Police probe substance as Russian spy ‘critical’ in hospital

Written By: BBC/Hunja Macharia

Police are trying to identify a substance which caused a former Russian agent convicted of spying for Britain to collapse in Salisbury, Wiltshire.

Sergei Skripal, 66 – who was granted refuge in the UK in 2010 as part of a “spy swap” – and a 33-year-old woman are critically ill in hospital.

Meanwhile police have closed the city’s Zizzi restaurant “as a precaution”.

The pair were found slumped unconscious on a bench at the Maltings shopping centre, on Sunday.

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Wiltshire Police said the pair had no visible injuries and officers were investigating whether a crime had been committed.

Temporary Assistant Chief Constable Craig Holden said: “They are currently being treated for suspected exposure to an unknown substance.

“The focus is trying to establish what has caused these people to become critically ill.

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“We are working with partners to prioritise this diagnosis and ensure that they receive the most appropriate and timely treatment.”

He said the police’s “major incident” response was not a counter-terrorism investigation.

But he said multiple agencies were involved and police were keeping an “open mind”.

Col Skripal, who is a retired Russian military intelligence officer, was jailed for 13 years by Russia in 2006.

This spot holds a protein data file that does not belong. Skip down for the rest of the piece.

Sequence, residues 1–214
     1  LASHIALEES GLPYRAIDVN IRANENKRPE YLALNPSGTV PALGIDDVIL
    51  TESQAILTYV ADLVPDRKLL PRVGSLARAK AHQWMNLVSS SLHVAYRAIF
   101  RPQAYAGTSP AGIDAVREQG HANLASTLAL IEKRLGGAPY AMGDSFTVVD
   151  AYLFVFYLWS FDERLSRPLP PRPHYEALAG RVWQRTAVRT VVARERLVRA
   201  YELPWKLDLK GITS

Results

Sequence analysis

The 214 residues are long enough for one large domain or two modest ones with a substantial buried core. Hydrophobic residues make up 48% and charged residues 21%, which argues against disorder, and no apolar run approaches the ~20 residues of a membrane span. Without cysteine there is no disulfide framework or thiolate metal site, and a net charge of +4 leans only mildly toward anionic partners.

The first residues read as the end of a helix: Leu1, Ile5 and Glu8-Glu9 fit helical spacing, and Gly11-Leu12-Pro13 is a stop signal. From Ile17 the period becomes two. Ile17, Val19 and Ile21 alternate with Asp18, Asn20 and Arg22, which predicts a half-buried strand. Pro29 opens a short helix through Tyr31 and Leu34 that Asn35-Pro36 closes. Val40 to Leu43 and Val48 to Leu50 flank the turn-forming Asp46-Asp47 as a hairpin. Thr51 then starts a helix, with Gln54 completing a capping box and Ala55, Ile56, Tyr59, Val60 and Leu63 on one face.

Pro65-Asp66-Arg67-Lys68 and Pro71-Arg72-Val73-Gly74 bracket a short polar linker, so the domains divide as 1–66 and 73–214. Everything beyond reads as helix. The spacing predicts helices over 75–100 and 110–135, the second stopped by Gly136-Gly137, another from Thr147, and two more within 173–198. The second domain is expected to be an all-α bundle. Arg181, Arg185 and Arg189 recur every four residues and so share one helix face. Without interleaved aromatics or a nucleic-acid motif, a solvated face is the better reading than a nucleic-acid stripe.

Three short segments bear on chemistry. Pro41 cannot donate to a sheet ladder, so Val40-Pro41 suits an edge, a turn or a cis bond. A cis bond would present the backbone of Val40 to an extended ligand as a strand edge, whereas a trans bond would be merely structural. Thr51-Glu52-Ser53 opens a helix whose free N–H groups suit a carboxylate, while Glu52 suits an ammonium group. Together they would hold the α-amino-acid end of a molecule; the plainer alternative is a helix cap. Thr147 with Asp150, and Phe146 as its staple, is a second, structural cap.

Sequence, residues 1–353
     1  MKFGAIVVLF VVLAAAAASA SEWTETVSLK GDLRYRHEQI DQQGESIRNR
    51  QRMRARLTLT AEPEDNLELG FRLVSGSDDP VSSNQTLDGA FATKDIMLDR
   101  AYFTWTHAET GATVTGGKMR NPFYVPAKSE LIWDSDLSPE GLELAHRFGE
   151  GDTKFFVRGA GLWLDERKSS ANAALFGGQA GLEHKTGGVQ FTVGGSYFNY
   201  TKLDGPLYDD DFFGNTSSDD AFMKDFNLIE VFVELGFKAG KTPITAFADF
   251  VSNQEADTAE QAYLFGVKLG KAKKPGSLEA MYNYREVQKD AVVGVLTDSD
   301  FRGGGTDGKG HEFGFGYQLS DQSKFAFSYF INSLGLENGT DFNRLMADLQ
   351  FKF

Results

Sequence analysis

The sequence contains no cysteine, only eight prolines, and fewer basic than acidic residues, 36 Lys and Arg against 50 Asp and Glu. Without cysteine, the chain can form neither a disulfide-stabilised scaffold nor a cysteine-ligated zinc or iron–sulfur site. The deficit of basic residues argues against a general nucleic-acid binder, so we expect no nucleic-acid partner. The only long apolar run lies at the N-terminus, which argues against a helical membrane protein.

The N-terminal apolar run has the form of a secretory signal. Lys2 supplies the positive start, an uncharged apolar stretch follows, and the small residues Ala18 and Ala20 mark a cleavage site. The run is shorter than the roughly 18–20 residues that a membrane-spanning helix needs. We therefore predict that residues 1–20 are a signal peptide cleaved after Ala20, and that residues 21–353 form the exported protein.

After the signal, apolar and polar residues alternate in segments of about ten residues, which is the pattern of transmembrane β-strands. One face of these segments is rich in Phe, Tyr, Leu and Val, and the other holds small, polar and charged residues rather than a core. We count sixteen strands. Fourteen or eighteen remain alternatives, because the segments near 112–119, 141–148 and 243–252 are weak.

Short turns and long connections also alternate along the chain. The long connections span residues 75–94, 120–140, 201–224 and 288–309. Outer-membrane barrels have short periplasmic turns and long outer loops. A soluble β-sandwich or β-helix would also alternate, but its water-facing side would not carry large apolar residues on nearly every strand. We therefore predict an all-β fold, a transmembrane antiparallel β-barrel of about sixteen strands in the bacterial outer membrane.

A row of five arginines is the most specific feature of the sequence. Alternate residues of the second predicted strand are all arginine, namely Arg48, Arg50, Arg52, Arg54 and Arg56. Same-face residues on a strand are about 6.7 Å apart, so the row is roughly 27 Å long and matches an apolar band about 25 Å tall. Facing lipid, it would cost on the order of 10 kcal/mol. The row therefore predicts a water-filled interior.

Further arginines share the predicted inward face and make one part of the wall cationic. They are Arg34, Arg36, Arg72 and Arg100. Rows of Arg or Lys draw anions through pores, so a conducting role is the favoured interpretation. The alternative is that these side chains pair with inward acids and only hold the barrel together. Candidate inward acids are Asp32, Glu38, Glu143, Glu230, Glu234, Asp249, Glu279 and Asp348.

He was convicted of passing the identities of Russian intelligence agents working undercover in Europe to the UK’s Secret Intelligence Service, MI6.

He was one of four prisoners released by Moscow in exchange for 10 US spies as part of a swap and was later flown to the UK.

He and the woman, who police said were known to each other, are both in intensive care at Salisbury District Hospital.

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A number of locations in the city centre were cordoned off and teams in full protective gear have used hoses to decontaminate the street.

Workers in respirators and hazardous material suits searched bins close to the scene where the two collapsed.

On the restaurant closure, police said Public Health England had reiterated there was no known risk to the wider public.

As a precaution, they advised that if people felt ill they should contact the NHS on 111, or ring 999 “if you feel your own or another’s health is significantly deteriorating”.

Neighbours at Col Skripal’s home in Salisbury said police arrived around 17:00 GMT on Sunday and had been there ever since.

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They said he was friendly and in recent years had lost his wife.

An eyewitness to the scene where the pair were found, Freya Church, told the BBC she saw them sitting on the bench: “An older guy and a younger girl. She was sort of leant in on him, it looked like she had passed out maybe.

“He was doing some strange hand movements, looking up to the sky…

“They looked so out of it I thought even if I did step in I wasn’t sure how I could help.”

The Russian dissident and former intelligence officer died in London after drinking tea laced with a radioactive substance.

A public inquiry concluded that his killing had probably been carried out with the approval of the Russian President, Vladimir Putin.

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